I don't think it's entirely personal choice in this case. Large organizations, like corporations and government agencies, are far more open to open source projects in Europe than in the US.

I'm not entirely sure why this is the case. I think European organizations have been willing to consider alternatives. You hear European governments warming up to open source more than US government organizations.

Reply Score: 4

RE[2]: Perhaps...
by Arakon on Sun 15th Jul 2007 17:02 UTC in reply to "RE: Perhaps..."
Arakon Member since:
2005-07-06

lol thats easy to answer, EU governments are more socialist in nature than the US, so their politicians aren't as deeply embedded into the pockets of big money like US politicians. Notice I said "Not as Deeply" Big money helps make decisions everywhere.

Reply Score: 5

RE[3]: Perhaps...
by samad on Sun 15th Jul 2007 22:34 UTC in reply to "RE[2]: Perhaps..."
samad Member since:
2006-03-31

If by "easy" you mean overly facile, then I heartily disagree:

1) Notice I said that even European corporations have been more open to open source projects. That's not a "socialist" argument.

2) I don't think average computer users really care that much about Firefox's standards compliance. Do average users even know what CSS even is? Like I said, it's not personal choice that's ENTIRELY producing Firefox's stunning success in Europe.

Reply Score: 2

RE[2]: Perhaps...
by Kroc on Sun 15th Jul 2007 17:12 UTC in reply to "RE: Perhaps..."
Kroc Member since:
2005-11-10

It's not as rosy as you paint it. Microsoft still have a strong stranglehold on corporations and the government here in the UK.

The difference is that Microsoft are portrayed as strongly American to worldwide audiences. Their adverts, their style of design, everything about them is, well,... cheesy. Apple on the other hand have setup a strong British image over here, being sure to localise their efforts in this country.

It doesn't go without saying that most Europeans think twice about how they do business with the Americans, what with you know, the total disregard for people's freedoms your government has.

I might be making a real dumb comment; but I'm betting that slowly and surely, Europe is trying to distance itself from America.

Reply Score: 5

RE[3]: Perhaps...
by Cymro on Sun 15th Jul 2007 18:44 UTC in reply to "RE[2]: Perhaps..."
Cymro Member since:
2005-07-07

"have setup a strong British image over here, being sure to localise their efforts in this country."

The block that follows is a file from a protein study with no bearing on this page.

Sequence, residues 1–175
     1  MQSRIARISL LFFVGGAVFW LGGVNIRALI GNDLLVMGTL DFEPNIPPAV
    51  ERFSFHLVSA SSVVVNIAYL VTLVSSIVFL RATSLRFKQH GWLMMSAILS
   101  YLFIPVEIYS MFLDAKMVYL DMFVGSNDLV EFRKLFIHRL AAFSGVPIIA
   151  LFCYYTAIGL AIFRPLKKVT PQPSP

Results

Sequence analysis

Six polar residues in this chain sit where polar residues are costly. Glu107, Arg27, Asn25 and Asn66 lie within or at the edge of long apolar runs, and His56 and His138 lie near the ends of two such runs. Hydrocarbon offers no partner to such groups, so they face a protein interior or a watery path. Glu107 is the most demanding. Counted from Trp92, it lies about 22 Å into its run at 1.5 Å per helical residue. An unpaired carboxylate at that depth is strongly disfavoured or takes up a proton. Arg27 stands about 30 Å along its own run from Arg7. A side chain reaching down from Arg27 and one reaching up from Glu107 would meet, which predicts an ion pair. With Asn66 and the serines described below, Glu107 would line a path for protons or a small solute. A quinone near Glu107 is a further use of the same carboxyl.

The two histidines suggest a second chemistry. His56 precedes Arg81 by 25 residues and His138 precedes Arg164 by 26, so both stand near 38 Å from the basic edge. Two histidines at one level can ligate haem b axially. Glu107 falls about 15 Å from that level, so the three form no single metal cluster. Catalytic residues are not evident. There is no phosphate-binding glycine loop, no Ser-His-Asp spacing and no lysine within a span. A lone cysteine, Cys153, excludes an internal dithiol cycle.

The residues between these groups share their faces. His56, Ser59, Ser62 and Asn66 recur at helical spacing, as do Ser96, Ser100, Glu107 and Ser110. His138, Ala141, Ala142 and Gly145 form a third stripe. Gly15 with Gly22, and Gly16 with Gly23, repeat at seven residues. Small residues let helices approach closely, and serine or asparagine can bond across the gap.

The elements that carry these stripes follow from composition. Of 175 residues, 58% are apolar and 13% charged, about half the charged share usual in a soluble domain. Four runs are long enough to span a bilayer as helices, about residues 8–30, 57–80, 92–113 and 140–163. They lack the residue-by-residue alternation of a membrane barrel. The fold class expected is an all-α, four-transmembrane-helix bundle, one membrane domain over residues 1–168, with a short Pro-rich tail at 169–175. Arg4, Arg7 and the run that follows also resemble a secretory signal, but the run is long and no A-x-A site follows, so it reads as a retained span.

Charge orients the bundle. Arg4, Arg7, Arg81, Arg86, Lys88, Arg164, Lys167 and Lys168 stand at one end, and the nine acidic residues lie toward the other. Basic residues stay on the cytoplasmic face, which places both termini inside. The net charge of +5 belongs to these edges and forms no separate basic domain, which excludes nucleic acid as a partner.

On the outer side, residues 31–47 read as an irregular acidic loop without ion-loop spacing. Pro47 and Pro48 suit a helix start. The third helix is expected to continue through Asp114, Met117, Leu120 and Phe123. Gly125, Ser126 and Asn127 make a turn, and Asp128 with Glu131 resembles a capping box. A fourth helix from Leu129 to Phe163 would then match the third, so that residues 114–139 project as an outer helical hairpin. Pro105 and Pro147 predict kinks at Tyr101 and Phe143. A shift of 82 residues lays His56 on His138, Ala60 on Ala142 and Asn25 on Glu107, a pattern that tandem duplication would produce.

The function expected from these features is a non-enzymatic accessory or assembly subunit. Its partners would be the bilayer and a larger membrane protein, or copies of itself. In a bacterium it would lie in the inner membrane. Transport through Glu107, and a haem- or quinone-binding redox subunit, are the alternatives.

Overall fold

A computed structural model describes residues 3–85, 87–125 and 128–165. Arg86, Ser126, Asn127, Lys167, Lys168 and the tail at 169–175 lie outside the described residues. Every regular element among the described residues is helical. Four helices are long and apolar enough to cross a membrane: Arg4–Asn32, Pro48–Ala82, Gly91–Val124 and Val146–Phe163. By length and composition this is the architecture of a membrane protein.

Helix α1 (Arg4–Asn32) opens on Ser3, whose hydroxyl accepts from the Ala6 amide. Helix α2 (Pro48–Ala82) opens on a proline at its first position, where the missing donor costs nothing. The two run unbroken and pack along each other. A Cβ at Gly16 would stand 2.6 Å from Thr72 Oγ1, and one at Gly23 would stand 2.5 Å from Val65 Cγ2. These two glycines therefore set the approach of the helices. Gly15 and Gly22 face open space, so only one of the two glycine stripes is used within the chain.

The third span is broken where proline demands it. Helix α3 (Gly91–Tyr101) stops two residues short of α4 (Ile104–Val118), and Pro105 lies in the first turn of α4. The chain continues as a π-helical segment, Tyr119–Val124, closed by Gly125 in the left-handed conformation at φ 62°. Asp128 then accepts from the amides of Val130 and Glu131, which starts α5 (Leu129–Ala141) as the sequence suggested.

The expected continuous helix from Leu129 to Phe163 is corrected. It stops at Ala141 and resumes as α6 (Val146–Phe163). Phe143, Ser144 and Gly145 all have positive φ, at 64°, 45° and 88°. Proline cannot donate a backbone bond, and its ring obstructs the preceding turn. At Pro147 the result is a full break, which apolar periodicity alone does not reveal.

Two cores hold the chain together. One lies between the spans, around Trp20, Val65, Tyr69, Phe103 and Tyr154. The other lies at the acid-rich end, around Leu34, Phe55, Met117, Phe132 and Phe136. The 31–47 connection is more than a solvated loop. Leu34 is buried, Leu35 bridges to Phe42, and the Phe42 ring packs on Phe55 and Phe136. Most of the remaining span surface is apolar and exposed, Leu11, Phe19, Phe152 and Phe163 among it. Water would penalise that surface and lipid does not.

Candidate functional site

Look, I'm a Mac fan but this is biased nonsense.

Apple dropped the British-English localisation of Mac OS after 8.6. That killed off the Wastebasket in favour of the Trash, and introduced very un-British spelling. International-English is basically US English and you'd be wrong to deny that.

OS X was originally released with only a US English dictionary and things like Sherlock and Dashboard are usually not as well supported here. Mac prices have always been higher in Britain, and new initiatives like the AppleStores, iTunes Music Store and iPhone always arrive in the US first.

Apple's printed material and design are the same as in the US. If you ever did the battery replacement programme, you'd notice that it came with the stock instructions with shipping instructions for North America. It doesn't bother me that much, but it's still true.

By contrast, Windows and Linux even have Welsh language versions. If Apple won't give us a "Help Centre", then we'll never get a "Canolfan Cymorth" in my area of Britain.

Historically Apple have always been a marginal force over here. Commodore, Sinclair, Atari, Acorn, Microsoft and others have ruled in the home, the school and the office in their time.

They employ very few people in the UK, less than Microsoft for sure. And above all - Apple ARE a US company. That's where our money goes.

When you say, "strong British identity" you really mean "I like them". I like them too, but they care a lot less about us than you think.

Edited 2007-07-15 18:47

Reply Score: 5

RE[4]: Perhaps...
by sappyvcv on Sun 15th Jul 2007 18:51 UTC in reply to "RE[3]: Perhaps..."
sappyvcv Member since:
2005-07-06

Ouch. Owned.

Reply Score: 1

RE[4]: Perhaps...
by stestagg on Sun 15th Jul 2007 19:40 UTC in reply to "RE[3]: Perhaps..."
stestagg Member since:
2006-06-03